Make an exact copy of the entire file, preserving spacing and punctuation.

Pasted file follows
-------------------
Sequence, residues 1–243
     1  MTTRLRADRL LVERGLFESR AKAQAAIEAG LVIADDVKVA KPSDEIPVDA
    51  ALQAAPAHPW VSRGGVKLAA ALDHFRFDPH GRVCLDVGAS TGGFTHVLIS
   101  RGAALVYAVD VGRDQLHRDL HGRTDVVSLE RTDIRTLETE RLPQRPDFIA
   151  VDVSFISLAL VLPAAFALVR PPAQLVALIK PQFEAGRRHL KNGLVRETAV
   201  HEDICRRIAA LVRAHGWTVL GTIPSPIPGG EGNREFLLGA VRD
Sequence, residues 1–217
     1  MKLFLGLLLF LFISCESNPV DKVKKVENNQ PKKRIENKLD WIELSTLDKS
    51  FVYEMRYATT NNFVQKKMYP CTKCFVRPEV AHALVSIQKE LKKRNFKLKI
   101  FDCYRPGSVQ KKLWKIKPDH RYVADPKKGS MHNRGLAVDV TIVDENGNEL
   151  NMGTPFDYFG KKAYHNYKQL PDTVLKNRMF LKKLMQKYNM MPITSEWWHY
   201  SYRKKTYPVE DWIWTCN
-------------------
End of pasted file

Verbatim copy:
Sequence, residues 1–243
     1  MTTRLRADRL LVERGLFESR AKAQAAIEAG LVIADDVKVA KPSDEIPVDA
    51  ALQAAPAHPW VSRGGVKLAA ALDHFRFDPH GRVCLDVGAS TGGFTHVLIS
   101  RGAALVYAVD VGRDQLHRDL HGRTDVVSLE RTDIRTLETE RLPQRPDFIA
   151  VDVSFISLAL VLPAAFALVR PPAQLVALIK PQFEAGRRHL KNGLVRETAV
   201  HEDICRRIAA LVRAHGWTVL GTIPSPIPGG EGNREFLLGA VRD
Sequence, residues 1–217
     1  MKLFLGLLLF LFISCESNPV DKVKKVENNQ PKKRIENKLD WIELSTLDKS
    51  FVYEMRYATT NNFVQKKMYP CTKCFVRPEV AHALVSIQKE LKKRNFKLKI
   101  FDCYRPGSVQ KKLWKIKPDH RYVADPKKGS MHNRGLAVDV TIVDENGNEL
   151  NMGTPFDYFG KKAYHNYKQL PDTVLKNRMF LKKLMQKYNM MPITSEWWHY
   201  SYRKKTYPVE DWIWTCN